When we realise that none of the EU nations has a grasp on their debts, in addition, the GDP for Spain went down whilst it is still below the numbers of 2016 and before, there is actually no reason to see the credit rating for Spain go up. I am personally speculating that the EU will be so much more hardship when France hits the 100% debt marker. It matters, because this will soon become the academic exercise that the question: ‘What is the difference between cooking the books and creating a false positive wave through inflated credit scores?‘ I actually do not have the answer here, but I guarantee you that the quality of life in Europe is not moving forward any day soon, not until some issues are seriously reconsidered. In addition, the US-China trade war isn’t helping anyone, not even the Europeans so that will also become a factor of debate soon enough. It partially relates to “We have revised upwards our GDP forecasts, with an intense rate of employment creation and an economic model based on the external competitiveness of our companies. With this scenario, we will achieve our objective for 20 million employed people by 2020“, the issue is that it is misrepresentation, you cannot rely on the unemployment figures and then state we will have 20 million employed, because on a population of 46 million, he might be implying that the unemployment numbers will skyrocket from 17.4% in 2017 to 56%, that would be crazy, yet that is what we are told, is it not? The best lies (read: miscommunications) are done through statistics, so that the feather matches the bird one would say. Still, back to my speculation, I believe that Spain is not the only nation in this setting; I think that some numbers in pretty much every EU nation are beefed, weighted and set to make Europe (or basically themselves in the European setting) look much better, so when the UK leaves they will not look as weak and feeble as they have actually become. It is a setting that is way too dangerous. There is no way that Mario Draghi is not part of this, so when we look at the Financial Times of last week we see ‘Mario Draghi acknowledges ‘moderation’ in Eurozone growth‘ (at https://www.ft.com/content/3e20b49e-4939-11e8-8ee8-cae73aab7ccb). So with “Analysts said that Mr Draghi’s guarded language suggested that the ECB may wait until July — a month later than previously expected — to provide the markets with updated “forward guidance” on its plans to phase out the crisis-era stimulus“. I am a little less optimistic in regards to the quotes, and when we see ““Better safe than sorry was the motto of the day,” said Dirk Schumacher, economist at Natixis“. I personally tend to see that as:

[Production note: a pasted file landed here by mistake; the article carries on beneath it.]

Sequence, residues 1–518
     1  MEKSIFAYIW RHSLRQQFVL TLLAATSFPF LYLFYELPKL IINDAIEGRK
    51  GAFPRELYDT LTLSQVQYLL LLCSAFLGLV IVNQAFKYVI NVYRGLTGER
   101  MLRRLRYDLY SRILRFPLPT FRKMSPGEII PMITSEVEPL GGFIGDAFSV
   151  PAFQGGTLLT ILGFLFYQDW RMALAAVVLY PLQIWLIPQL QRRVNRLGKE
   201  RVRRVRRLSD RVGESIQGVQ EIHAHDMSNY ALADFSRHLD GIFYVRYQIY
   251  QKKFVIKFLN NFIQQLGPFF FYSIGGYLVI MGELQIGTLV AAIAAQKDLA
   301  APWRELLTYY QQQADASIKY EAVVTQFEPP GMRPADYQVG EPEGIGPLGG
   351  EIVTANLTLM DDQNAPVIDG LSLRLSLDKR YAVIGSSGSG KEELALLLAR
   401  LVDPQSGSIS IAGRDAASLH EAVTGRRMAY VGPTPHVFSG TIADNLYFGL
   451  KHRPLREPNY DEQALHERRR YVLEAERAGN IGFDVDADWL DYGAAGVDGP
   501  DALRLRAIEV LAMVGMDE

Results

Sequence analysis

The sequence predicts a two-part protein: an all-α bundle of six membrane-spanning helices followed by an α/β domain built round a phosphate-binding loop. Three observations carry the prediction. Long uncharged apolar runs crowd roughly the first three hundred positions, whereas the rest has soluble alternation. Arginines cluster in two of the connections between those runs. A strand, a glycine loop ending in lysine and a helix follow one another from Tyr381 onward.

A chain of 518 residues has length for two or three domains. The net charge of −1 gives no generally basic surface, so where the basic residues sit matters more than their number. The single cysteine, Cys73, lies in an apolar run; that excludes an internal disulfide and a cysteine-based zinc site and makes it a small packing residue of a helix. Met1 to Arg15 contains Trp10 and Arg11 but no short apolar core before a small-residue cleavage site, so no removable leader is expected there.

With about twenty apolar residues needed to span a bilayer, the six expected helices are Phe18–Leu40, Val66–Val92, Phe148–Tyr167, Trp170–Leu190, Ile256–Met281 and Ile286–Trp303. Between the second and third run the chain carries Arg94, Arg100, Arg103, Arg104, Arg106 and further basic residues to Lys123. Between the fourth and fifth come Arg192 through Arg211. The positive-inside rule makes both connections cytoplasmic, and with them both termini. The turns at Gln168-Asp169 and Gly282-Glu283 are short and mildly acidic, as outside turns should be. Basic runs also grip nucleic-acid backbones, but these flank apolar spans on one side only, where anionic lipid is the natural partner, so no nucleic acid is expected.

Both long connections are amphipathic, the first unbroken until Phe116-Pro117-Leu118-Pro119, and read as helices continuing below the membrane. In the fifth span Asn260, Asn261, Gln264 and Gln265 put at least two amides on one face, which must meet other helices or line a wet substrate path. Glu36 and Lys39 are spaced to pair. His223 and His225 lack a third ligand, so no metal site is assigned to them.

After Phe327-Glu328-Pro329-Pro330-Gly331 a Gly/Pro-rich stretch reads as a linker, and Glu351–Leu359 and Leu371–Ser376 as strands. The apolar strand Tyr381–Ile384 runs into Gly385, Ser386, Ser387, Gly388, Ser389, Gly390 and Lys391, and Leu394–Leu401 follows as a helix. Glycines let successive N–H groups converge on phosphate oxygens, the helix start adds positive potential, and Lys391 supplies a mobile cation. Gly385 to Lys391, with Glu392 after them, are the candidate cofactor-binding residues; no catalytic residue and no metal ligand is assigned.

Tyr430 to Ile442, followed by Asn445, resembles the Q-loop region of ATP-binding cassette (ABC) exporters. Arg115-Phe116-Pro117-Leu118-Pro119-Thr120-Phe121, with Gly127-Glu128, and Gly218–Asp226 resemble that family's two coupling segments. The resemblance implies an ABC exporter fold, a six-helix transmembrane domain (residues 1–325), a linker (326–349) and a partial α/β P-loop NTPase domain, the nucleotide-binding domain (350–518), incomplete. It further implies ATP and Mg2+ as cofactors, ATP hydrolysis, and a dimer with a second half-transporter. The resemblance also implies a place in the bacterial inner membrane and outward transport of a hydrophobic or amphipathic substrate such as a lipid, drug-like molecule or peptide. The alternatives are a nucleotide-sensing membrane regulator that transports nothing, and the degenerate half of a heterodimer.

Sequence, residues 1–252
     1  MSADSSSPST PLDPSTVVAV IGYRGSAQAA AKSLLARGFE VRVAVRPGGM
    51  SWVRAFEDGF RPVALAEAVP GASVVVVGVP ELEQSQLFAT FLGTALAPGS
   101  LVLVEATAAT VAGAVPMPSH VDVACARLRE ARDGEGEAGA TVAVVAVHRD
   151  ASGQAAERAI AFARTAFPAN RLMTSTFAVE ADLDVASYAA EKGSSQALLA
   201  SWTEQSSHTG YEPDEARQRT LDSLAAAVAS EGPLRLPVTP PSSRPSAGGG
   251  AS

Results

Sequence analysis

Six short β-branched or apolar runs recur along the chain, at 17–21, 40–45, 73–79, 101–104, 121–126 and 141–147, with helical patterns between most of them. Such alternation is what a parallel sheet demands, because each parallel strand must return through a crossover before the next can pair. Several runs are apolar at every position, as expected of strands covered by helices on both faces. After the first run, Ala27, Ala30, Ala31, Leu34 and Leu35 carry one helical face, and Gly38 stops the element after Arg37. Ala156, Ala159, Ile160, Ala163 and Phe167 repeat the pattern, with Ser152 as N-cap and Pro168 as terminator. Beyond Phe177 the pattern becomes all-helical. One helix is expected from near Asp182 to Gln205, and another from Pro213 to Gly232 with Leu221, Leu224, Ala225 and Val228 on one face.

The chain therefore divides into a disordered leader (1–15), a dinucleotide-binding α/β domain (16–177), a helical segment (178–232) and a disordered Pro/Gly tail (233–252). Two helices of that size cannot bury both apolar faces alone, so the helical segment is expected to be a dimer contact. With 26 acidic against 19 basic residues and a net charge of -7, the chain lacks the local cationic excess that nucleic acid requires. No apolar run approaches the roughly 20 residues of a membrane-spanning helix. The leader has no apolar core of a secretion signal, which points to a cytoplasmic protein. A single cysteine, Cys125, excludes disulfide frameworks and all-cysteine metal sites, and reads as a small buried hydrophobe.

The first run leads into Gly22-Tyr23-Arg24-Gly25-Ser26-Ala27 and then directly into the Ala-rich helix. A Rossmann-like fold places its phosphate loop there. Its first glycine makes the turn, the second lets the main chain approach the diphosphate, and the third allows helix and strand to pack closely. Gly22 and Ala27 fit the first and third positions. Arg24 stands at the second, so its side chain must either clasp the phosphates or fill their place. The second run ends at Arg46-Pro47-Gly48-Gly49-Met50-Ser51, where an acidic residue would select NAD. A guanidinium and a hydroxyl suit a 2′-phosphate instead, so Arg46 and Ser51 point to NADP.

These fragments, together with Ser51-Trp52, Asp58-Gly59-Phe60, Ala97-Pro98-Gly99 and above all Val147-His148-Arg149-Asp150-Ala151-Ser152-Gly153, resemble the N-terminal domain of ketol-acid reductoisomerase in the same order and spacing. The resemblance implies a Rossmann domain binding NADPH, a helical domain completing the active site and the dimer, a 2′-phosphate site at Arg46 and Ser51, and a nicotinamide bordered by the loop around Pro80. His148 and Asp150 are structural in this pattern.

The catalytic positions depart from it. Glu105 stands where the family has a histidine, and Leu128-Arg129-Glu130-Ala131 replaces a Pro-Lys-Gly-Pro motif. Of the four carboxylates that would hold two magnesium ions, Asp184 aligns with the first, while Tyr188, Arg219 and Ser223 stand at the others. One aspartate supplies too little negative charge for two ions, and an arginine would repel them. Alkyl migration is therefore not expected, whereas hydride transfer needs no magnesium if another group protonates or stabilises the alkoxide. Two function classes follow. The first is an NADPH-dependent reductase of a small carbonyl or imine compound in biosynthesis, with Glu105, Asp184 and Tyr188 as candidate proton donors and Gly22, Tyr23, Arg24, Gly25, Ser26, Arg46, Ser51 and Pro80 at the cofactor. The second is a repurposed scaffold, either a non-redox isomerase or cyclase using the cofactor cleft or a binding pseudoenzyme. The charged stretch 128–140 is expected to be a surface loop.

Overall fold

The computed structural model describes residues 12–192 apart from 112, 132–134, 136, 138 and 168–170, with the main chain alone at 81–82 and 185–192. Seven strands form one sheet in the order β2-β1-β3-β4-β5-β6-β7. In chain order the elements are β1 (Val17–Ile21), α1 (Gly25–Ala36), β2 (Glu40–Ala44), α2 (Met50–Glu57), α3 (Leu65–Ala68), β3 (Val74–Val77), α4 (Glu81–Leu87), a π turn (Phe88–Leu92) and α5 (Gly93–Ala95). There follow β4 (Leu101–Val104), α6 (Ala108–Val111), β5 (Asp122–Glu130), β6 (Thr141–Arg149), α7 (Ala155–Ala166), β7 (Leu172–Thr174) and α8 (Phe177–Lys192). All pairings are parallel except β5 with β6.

Better safe than sorry
It allows for another day without worry
As we pile the worries and woes
To a stack we can blame on crows
Those at the London Tower are best
Because when they leave the EU we can make them the jest
And when our barge is no longer secure
We move to Wall Street where we can endure

You might think that I am merely making light of all this. The issue is that people in Europe seem to ignore that over €2,000,000,000,000 was printed without the validation of treasuries or consent of the people whose funds got devaluated even further. Do you think that printing money has no cost? It is money that the EU never had, so why did you think it came without consequence?